Please note the normal sodium thiosulfate charge is only 3.5 times the chlorine level, so a chlorine level of 3 PPM would need about 10 PPM sodium thiosulfate charge. The ponder discussed below added 600 ppm sodium thiosulfate to his pond, and all the fish died in about 4 days from the sodium thiosulfate decomposition.

    Copied/pasted from a post of mine on koivet on this issue is seen below:

    The description of sodium thiosulfate pentahydrate in the Aquatic Eco-Systems catalogue states, "Excess levels up to 100 PPM will not harm fish". Well, here we are talking about a charge of 600 PPM which may have slowly harmed fish over a period of several days. So let's think again.

    The Acros Chemicals MSDS for sodium thiosulfate states, "This chemical is expected to cause some oxygen depletion in aquatic systems." Well, maybe here is the problem with that huge sodium thiosulfate overcharge? Did the fish run out of oxygen at 600 PPM sodium thiosulfate dose? I don't know....

    Now let's see what my old copy of the Encyclopedia of Chemical Technology says about sodium thiosulfate decomposition in a pond environment.....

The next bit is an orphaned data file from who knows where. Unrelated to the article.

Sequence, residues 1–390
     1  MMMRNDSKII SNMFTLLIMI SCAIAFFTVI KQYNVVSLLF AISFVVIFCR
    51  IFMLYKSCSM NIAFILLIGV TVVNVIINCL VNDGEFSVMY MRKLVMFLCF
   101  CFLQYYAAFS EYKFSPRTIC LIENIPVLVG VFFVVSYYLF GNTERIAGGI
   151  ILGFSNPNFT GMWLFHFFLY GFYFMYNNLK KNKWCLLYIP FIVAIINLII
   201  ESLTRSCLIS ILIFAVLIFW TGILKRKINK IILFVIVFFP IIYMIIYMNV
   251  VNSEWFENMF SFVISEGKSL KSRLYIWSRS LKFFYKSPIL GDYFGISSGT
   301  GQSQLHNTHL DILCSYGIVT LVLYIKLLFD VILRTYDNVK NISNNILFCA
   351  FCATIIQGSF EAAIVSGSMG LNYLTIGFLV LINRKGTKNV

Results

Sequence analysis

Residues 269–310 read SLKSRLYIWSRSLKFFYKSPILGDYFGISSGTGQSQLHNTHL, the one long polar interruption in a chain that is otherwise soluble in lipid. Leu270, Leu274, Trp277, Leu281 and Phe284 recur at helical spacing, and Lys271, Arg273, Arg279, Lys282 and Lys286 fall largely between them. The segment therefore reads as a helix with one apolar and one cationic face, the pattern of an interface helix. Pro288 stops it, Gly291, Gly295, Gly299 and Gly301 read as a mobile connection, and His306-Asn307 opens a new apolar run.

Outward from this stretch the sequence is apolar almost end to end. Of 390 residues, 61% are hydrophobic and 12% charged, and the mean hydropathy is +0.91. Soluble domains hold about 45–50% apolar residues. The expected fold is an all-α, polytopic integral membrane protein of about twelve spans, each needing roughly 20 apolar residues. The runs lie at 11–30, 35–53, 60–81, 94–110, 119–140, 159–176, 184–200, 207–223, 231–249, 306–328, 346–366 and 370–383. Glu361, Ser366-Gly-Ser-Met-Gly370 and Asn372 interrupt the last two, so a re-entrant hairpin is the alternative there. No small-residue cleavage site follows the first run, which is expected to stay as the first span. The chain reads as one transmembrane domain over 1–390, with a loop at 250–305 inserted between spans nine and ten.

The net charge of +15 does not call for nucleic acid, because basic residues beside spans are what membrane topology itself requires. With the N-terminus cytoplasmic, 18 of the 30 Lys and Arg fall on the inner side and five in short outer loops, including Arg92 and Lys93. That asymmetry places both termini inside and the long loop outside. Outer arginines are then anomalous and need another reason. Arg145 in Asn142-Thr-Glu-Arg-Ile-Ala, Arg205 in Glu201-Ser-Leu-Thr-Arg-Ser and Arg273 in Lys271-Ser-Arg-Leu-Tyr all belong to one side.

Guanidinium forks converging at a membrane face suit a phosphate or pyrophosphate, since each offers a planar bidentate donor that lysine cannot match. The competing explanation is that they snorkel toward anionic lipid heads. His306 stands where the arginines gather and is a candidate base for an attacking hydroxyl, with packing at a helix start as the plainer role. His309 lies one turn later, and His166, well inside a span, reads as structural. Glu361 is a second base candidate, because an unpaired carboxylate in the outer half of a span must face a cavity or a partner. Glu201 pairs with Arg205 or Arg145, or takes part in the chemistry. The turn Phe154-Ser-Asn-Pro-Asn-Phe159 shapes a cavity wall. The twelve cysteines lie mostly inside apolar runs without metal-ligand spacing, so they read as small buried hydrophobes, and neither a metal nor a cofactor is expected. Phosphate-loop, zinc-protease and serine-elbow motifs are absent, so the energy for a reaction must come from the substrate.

The stability of sodium thiosulfate solutions are oxygen sensitive, meaning that exposure to oxygen will cause a sodium thiosulfate solution to gradually decompose according to the decomposition reaction in alkaline solution (my normal pond environment):

    Na2S2O3 + H2O---&gt; Na2SO4 + H2S

    Well, now we have it! An overcharge of sodium thiosulfate can decompose thje thiosulfate to make too much hydrogen sulfide, which will definitely kill the fish. One on line reference says, "Hydrogen sulfide at 0.5 PPM causes hyperpnea, apnea, and respiratory arrest (death) in catfish." We can expect 600 PPM thiosulfate to create 0.5 PPM hydrogen sulfide, it would appear, which will kill the fish. This specific decomposition reaction of sodium thiosulfate is listed as being accelerated by either oxygen contact, or exposue to sunlight. A pond has plenty of both of those!

    The decomposition of sodium thiosulfate in neutral or acidic pH is given by:

    Na2S2O3 ---&gt; NaSO3 + S

    So if the pond water is not alkaline enough to make that very toxic hydrogen sulfide out of sodium thiosulfate, then it will make the less toxic, but toxic nevertheless, sodium sulfite instead. The aquatic LC50 at 96 hours for goldfish for sodium sulfite is 100 PPM, meaning that in 4 days at 100 PPM sulfite concentration 50% of goldfish die.

    So if a ponder dumps 600 PPM of sodium thiosulfate in a pond, the fish will die from either the hydrogen sulfide, or the sodium sulfite, concentrations from the gradual decomposition of thiosulfate. And the oxygen concentration may also be depleted, making matters somewhat worse.

    I knew there had to be an explanation somewhere in those pages of my chemical books, finally found it.